Excess body fat is a problem. That is something all health professionals can agree on. Carrying around too much body fat can lead to various chronic conditions, some of which are the most significant contributors to preventable deaths in the U.S.
Heart disease, type 2 diabetes, and certain cancers are all diseases that are much more common in people that are overweight or obese. So, shouldn’t the opposite be good if excess body fat is bad? Shouldn’t the pinnacle of health be a lean and muscular physique like that of some bodybuilders and fitness influencers you see on Instagram and TikTok?
Building and maintaining lean muscle is one of the best things you can do for your long-term health. Muscle makes us better calorie and fat-burning machines, and prevents us from ever reaching the point where a slip or a fall could be dangerous in old age.
Generally speaking, the average American would greatly benefit from less body fat and more muscle. But is there such a thing as being too lean and too muscular? Can extreme weight loss cause complications? Yes. The extremes in either direction aren’t healthy. Obesity is bad, and the extreme on the other end of the spectrum, like what we see in the sport of bodybuilding, is also not healthy.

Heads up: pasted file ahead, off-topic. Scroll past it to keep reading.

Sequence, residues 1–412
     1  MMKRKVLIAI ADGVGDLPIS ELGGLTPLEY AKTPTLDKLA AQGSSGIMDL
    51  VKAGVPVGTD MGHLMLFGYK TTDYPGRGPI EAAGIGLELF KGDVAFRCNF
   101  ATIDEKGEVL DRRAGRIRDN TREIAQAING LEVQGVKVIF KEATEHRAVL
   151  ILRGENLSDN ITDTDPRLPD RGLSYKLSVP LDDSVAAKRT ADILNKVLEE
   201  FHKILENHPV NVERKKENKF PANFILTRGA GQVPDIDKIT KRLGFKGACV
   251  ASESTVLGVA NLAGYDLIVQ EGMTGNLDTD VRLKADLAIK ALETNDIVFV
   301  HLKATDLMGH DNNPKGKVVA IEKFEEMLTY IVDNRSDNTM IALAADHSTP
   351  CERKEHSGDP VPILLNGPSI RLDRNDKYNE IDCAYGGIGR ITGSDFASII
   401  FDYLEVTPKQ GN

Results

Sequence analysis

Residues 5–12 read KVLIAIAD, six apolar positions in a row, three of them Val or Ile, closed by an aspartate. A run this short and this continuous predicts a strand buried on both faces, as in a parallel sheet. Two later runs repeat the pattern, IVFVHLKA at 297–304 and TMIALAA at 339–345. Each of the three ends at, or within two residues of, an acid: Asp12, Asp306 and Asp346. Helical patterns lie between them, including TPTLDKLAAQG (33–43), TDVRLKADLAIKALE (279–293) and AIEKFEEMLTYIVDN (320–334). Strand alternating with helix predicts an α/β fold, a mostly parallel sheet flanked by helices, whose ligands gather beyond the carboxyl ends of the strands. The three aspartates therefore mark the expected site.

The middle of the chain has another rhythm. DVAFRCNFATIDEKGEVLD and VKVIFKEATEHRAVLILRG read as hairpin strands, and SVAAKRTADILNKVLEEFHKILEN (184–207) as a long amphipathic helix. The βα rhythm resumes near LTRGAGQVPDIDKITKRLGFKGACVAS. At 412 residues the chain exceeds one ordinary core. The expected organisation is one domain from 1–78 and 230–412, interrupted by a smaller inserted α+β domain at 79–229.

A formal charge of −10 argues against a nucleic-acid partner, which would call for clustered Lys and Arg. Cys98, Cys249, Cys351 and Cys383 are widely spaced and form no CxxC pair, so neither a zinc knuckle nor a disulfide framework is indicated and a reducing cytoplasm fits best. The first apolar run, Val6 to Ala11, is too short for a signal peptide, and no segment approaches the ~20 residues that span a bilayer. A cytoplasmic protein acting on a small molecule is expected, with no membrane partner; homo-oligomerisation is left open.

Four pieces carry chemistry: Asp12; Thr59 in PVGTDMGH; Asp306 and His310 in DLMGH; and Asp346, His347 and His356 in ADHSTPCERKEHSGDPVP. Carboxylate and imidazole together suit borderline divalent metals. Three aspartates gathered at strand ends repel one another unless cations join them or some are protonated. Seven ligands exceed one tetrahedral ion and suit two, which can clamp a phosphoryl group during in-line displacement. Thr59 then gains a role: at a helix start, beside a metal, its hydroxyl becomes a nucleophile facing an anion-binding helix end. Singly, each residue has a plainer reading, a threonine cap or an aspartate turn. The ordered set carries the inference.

The horror stories from the sport of bodybuilding are plenty. Competitors at every level go to extreme lengths to ensure they hit the competition stage with the lowest body fat percentage possible.
Putting the body through extreme weight loss or weight gain will result in a heavily-taxed hormonal system
Hours before the 2021 Europa Pro Content, a Czech bodybuilder, Alena Kosinova, realized she couldn’t move as she waited for her spray tan to dry. Minutes later, she began convulsing and losing consciousness. The 46-year-old mother who dreamed of winning the prestigious Olympia bodybuilding contest died before the competition was over.
And stories like this aren’t as rare as you would think. Bodybuilding competitors often rely on excessive use of diuretics and extreme dieting to accomplish the award-winning physiques you see on a bodybuilding stage. Another female bodybuilder, 30-year-old single mother Jodie Engle, recently won first place in her division at the NPC National Championships in Florida. She now requires open heart surgery and will eventually need a kidney transplant. Doctors blame the diuretics she’d been advised to use by her coach.
Here is another tragic story of a 36-year-old aspiring female bodybuilder that is now on life support following an aggressive conditioning plan, diet plan, and performance-enhancing drug regimen by her coach.
While too much body fat is not ideal for our health, neither is too little. Especially for women, getting too lean can be detrimental and lead to some serious health conditions. Obviously, bodybuilders are an example at the absolute furthest point on the spectrum, but these stories still highlight an important point. The extremes are never healthy.
The key takeaway? As you think about your New Year’s resolutions and scroll through social media, it is important to remember that visible abs and toned physique, especially for women, may not be the ideal representation of health any of us should be aiming for. Being obese or overweight isn’t ideal, but neither is being obsessed with reaching a level of leanness that does not support strong overall health.